Romans 15:14-21: Paul now proceeds to introduce himself more completely to the congregation at Rome, a city he plans to visit in the near future for the first time. In the present verses he says a bit about himself and his ministry, evidently feeling that such information is necessary, given the strong and authoritative tone that he has adopted in this epistle (verses 15-16).
Paul commences these remarks with a polite and positive sentiment about the congregation at Rome (verse 14), an approach he employs elsewhere in his letters (2 Corinthians 8:7; 9:2-3; Philippians 4:15). In the present case such an approach is particularly appropriate, because he is conscious of writing to a church that he had no hand in founding (1:5,13). Because of this latter circumstance, Paul does not enjoy the advantage of immediate paternity and familiarity that he enjoys in the churches of Syria, Asia, Macedonia, and Greece.
He feels compelled to write to the Romans, however, because he senses a responsibility that he has toward all the Gentile Christians (verse 16 [Note the Trinitarian structure]; 1:5; 12:3; 1 Corinthians 4:6; Galatians 2:7-8).
Like Jesus preaching in Galilee (Mark 6:6), Paul has maintained a preaching "circuit" (kyklo, the Greek root of "cycle"—verse 19), first centered in Antioch and later in Ephesus. (Observe that the churches of Smyrna, Pergamum, Thyatira, Sardis, Philadelphia, Laodicea, and Colossae form a sort of semi-hub around Ephesus.)
We note here that the bishops of these large metropolitan areas in due course became known as archbishops and metropolitans. This was a natural development, since the outlying cities had been evangelized by missionaries from the larger ones. This historical circumstance is what accounts for the immense authority of the bishops of Ephesus, Antioch, Alexandria, and Rome in early church history.
Up to this point in his ministry, the extreme limits of Paul’s evangelizing have been Jerusalem in the southeast and Illyricum, or Dalmatia (Albania, Montenegro, Kosovo), in the northwest. It has ever been Paul’s goal to preach Christ where He has not been hitherto preached (verse 20; 2 Corinthians 10:15-16; 1 Corinthians 3:6).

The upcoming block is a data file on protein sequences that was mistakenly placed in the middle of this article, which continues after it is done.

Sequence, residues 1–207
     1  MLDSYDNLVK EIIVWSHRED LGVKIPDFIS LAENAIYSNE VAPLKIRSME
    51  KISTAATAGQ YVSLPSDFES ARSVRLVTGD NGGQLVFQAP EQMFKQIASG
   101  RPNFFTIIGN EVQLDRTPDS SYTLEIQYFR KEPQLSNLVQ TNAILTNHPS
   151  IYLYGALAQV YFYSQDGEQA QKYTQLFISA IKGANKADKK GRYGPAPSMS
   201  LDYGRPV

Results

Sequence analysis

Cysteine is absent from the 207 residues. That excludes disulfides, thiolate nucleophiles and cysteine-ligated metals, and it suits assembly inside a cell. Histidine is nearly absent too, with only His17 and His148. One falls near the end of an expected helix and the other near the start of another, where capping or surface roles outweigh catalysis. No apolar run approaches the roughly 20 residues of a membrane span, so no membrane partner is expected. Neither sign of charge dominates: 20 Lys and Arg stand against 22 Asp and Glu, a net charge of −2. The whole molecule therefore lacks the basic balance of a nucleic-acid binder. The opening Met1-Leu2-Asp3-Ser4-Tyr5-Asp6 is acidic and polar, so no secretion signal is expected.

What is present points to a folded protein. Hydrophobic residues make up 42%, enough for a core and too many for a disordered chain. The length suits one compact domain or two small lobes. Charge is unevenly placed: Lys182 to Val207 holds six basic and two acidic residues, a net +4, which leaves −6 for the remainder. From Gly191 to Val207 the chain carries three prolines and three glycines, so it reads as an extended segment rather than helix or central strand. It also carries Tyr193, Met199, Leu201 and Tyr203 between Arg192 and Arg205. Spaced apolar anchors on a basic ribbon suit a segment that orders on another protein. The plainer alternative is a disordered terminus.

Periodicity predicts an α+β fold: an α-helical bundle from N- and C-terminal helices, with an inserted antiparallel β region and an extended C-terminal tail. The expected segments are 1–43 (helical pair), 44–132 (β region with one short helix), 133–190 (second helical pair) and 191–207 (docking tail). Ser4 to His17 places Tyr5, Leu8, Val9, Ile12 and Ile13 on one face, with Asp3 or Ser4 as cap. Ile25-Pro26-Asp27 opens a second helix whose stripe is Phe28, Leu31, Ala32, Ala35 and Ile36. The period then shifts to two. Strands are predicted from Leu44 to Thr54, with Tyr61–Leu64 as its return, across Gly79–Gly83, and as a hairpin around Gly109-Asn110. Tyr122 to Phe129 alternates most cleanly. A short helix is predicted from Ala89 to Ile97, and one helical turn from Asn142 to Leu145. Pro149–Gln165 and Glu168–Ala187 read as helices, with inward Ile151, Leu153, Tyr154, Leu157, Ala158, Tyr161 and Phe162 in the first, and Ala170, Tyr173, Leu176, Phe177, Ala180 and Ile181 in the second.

Paul describes his ministry with a liturgical and sacerdotal term, hierogounta to Evangelion tou Theou, "serving the Gospel of God as a priest," or even "priesting the Gospel of God" (cf. Isaiah 66:20). This is one of our first instances of a specifically priestly term used to describe the ordained Christian ministry.
Saturday, February 21
Proverbs 2: This chapter is a poem of six stanzas on the blessings of wisdom. It begins by enumerating the conditions necessary for attaining wisdom (verses 1-5).
We start to observe here (verse 1) a difference of tone or voice in Proverbs, if compared with the Bible’s prophetic literature. In the prophets the voice is vertical, so to speak; it comes “from above”: “Thus says the Lord!” In Proverbs, on the other hand, the voice is horizontal; it comes “from the past”: “Listen, my son.”
Wisdom is a gift of God, first of all (verse 6). It is religious before it is practical (verse 5), and it has to do with holiness (verse 8), which is the source of understanding (verse 9). Real wisdom abides in the heart (verse 10;
cf. 4:23). Once again the young man is warned against bad companions (verses 12-15).
But now, for the first time, the young man is also warned against a certain sort of woman as well (verses 16-19). In context she is any young woman besides his wife, and he is told to avoid her. If she approaches him, she is up to no good, and he should eschew her as something lethal. Just as God’s Wisdom is personified as a lady solicitous for man’s wellbeing (1:20-23), so folly will be personified, in due course, as a loose woman who will bring a man to destruction. It is thematic in the Book of Proverbs that wisdom is not attained without the strenuous discipline of the sexual passion, of which the proper expression is found only in marriage. (The monogamous ideal portrayed in the Book of Proverbs is very strong evidence of some authorial hand other than that of Solomon!)
Romans 15:22-33: Paul now discloses his further plans.
First, he will travel with some companions to carry the collection of money that the churches of Galatia, Macedonia, and Greece have assembled for the relief of the Christian poor at Jerusalem. This collection has been in process for several years (verses 25-27; Galatians 2:10; 1 Corinthians 16:1-4; 2 Corinthians 8:1—9:15. We know that Paul eventually did make the delivery (Acts 24:17).